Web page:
The main advantage of this approach is its extensile nature and that it avoids extensive dissection of the ulnar nerve.
The main disadvantage is that it provides limited exposure to the articular surface. The triceps insertion may be elevated from the olecranon but must be repaired to avoid triceps insufficiency.
Make an incision centered on the junction of the middle and distal thirds of the humeral shaft. Avoid placing the incision over the tip of the olecranon. Some surgeons make a straight incision slightly medial or lateral, whereas others prefer a curved incision. The incision ends over the ulnar diaphysis.
Elevate full-thickness fasciocutaneous flaps to protect the cutaneous nerves.
Dissect the subcutaneous tissue from the deep fascia.
Split the triceps tendon in the midline from the tip of the olecranon to the upper limit of the olecranon fossa.
Insert two smooth soft-tissue retractors.
Further split the triceps tendon and aponeurosis proximally (normally 3–4 cm proximal to the fracture line). If a more proximal exploration of the distal humerus is required, the triceps muscle may be split further, but the radial nerve is at risk in the proximal aspect and should be identified.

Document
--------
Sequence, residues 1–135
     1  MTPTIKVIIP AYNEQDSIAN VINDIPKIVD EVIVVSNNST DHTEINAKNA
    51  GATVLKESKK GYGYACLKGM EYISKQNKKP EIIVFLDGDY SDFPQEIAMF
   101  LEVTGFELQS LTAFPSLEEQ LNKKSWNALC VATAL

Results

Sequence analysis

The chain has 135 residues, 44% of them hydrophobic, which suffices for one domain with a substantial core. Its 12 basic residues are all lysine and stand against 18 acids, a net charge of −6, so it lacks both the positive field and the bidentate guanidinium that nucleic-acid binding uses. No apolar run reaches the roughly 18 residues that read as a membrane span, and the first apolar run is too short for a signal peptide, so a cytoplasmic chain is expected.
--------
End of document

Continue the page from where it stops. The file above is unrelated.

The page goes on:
Subperiosteal dissection of the tendon and associated soft-tissue attachments of the ulna should be performed carefully.
Soft-tissue retraction will now provide a wide view of the posterior aspect of the distal humerus.
The muscle split can be repaired with a continuous absorbable suture.
Distally, diligent repair of the triceps insertion to the olecranon is required. It is recommended to use transosseous sutures to achieve this.
Prepare transverse and oblique transosseous tunnels in the olecranon using a 2–2.5 mm drill bit.
Oppose the tendon firmly to the olecranon using nonabsorbable sutures passed through these tunnels and the tendon with a straight needle.
The patient should avoid resisted extension activities while the tendon heals to avoid triceps insufficiency.